I heard an interesting story from a coworker this week that sparked the idea for this post:
My coworker Bruce has a great rapport with his old company and recently heard that one of his former colleagues found a job somewhere else. The boss was apparently so offended by this employee's resignation that he told him not to come back the next day — even though he'd still be paid for the following two weeks. As a result of this hotheaded move, the boss became frazzled by projects the newly-lost employee left behind, and called my buddy Bruce to bail him out by doing some contract work for mucho buckos. Yay for Bruce — but not such a great move for the boss.
Many of us have felt the wrath of a boss's hotheaded decision. Here are some cases where the boss shouldn't have taken it personally but did, and how you can handle it if you face a similar situation.
The "Two Week Notice" Denial
Offering to stay two weeks after resigning is standard practice, but not legally required. Giving notice means you are being mindful of your boss's and company's needs, not wanting to leave them with a handful of incomplete projects. You can tidy up loose ends and/or train the person who'll be filling your spot after you're gone. But sometimes, as in the case above, he takes it personally and tells you to cram your two weeks' notice and leave immediately.
How to Handle It:
Rejoice in a paid vacation! But, if you've always been on good terms and would value his reference when you leave your next job, then don't let yourself be shooed out so easily. Double-check that there's absolutely nothing you can do in the next two weeks to help soften the blow.
If he's still stuck on sending you on your "disgraceful" way, just smile, wave, and clutter up cyberspace with comments about how terrible he was. It's guaranteed to blow off some steam and feel refreshing, but PLEASE don't use the real names of the boss or the company. That's simply bad taste (not to mention unprofessional and potentially libelous).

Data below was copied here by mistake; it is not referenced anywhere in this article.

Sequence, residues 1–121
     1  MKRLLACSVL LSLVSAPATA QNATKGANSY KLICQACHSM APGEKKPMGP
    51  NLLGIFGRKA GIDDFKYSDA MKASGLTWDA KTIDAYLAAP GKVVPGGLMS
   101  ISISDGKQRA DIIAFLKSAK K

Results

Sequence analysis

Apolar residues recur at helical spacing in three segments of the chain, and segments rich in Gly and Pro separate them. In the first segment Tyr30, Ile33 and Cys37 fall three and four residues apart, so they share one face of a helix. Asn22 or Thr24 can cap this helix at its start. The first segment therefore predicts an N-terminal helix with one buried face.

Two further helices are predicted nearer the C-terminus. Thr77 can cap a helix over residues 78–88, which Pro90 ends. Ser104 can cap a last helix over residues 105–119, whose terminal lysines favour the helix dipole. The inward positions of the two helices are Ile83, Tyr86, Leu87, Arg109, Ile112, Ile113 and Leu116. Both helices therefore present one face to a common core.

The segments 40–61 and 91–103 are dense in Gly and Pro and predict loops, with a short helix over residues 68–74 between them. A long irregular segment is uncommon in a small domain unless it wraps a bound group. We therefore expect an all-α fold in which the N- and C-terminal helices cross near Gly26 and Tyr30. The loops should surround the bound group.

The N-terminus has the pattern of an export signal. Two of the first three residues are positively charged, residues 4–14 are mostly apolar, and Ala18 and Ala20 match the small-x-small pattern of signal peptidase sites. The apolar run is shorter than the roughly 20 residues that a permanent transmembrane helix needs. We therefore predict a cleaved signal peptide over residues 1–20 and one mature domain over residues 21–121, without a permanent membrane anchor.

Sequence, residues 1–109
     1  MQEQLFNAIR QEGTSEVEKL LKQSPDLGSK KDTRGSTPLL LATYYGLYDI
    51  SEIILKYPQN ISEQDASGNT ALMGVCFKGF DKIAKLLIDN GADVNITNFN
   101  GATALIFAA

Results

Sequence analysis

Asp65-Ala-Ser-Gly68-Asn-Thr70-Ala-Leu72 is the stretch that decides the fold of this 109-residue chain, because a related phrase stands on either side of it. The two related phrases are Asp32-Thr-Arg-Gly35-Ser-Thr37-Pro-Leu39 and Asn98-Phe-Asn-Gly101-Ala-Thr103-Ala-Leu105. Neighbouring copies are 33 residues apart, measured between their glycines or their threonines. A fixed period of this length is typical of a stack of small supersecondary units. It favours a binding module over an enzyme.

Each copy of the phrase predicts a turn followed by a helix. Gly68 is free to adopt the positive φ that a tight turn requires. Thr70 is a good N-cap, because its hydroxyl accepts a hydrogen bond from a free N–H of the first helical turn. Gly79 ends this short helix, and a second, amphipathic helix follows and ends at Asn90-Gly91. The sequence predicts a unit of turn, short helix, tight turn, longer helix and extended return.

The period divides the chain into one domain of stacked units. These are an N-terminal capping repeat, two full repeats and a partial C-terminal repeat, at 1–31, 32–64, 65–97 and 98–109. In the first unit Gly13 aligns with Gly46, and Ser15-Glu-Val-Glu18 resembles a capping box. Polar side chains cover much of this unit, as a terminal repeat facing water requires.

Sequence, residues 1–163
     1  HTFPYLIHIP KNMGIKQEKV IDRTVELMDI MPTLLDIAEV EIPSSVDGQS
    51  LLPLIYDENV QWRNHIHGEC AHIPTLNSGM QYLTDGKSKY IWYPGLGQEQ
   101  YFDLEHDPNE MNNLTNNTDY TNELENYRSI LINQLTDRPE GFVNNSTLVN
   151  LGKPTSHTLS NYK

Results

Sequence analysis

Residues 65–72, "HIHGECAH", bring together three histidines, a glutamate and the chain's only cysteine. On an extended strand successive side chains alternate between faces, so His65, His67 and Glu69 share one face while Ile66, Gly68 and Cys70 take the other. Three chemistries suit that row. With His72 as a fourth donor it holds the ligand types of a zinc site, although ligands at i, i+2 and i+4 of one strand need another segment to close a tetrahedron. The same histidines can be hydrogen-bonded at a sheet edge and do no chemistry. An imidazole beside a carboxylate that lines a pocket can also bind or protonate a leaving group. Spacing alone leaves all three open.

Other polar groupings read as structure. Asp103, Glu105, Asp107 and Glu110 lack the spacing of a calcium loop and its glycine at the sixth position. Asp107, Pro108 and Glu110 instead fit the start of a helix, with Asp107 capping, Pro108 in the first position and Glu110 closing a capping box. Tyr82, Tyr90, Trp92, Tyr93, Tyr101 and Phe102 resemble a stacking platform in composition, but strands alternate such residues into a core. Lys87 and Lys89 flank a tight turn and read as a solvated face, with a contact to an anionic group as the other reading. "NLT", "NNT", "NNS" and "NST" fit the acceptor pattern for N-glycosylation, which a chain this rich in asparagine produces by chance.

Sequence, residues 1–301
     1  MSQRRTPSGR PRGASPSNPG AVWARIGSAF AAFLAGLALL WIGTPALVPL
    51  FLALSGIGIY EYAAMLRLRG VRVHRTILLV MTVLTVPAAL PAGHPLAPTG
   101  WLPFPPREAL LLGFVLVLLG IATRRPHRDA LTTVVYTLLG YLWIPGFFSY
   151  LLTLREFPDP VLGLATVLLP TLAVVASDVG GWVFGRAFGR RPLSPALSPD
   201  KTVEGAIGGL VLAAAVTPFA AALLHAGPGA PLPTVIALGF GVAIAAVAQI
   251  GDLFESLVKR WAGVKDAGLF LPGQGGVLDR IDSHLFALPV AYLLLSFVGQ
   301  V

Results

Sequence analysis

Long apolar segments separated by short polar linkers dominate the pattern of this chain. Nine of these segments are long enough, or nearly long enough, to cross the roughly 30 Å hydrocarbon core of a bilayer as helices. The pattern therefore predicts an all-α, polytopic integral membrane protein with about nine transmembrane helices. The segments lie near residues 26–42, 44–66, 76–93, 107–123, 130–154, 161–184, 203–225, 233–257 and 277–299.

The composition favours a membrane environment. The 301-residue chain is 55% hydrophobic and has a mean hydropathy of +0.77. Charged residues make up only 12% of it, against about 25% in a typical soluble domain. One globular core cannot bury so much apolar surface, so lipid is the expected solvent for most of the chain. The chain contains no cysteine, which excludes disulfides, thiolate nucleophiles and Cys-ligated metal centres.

The "History Repeats Itself" Problem
I've personally dealt with this one before, and it sure isn't fun. You get a boss who, by their own poor management, let another employee walk all over them. Then they realize what happened, fire the bad employee, and become steadfast in never letting history repeat itself. Suddenly, someone who used to be a great, laid back yet assertive leader turns defensive and distrustful.
What does that mean for you? You get to deal with the new micro-managing, passive-aggressive management style, which can make you feel like crap even if you're doing a great job.
How to Handle It:
It may just be a temporary, knee-jerk reaction to getting burned, so give it a little time to see if she chills out. If you have (or had) a good relationship with her, try talking about it. If nothing changes, it's time to switch departments or get a new job. That kind of boss can cause more stress than your biggest project ever did, and no one needs that negativity in their lives.
The "My Problem Is Your Problem" Dilemma
Let's say your boss is up for a big promotion but gets overlooked. Or your boss's boss is unhappy with the department's performance. Or a big project your boss was working on falls to pieces. Now her problem becomes YOUR problem. So she feels like scum for whatever went wrong, and deals with it by delegating all the menial, soul-sucking, "I-don't-want-to-deal-with-it" stuff directly to you.
How to Handle It:
Sorry to say, your only survival method here is to take the backseat and hope she gets over it sooner rather than later. A good boss is one who helps you grow — not one who forces you to drag your heels in their mess. But we're all human and can have a bad week or two. Suck it up and bolster her flagging ego for a week or two. And if it looks like your formerly good boss has turned permanently bad, it's time to move on.
Get Past the Hot Air
I'm sure there are numerous other scenarios where bosses make hotheaded decisions that leave their poor employees floundering for help. If you have a great boss who remains rational, dedicated, and doesn't take things personally, consider yourself lucky. If not, brush off your resume, start networking, and get out before you turn into (fictional) Brent Quigley, who wants to leave his boss, but can't figure out the perfect way to say it in a letter.
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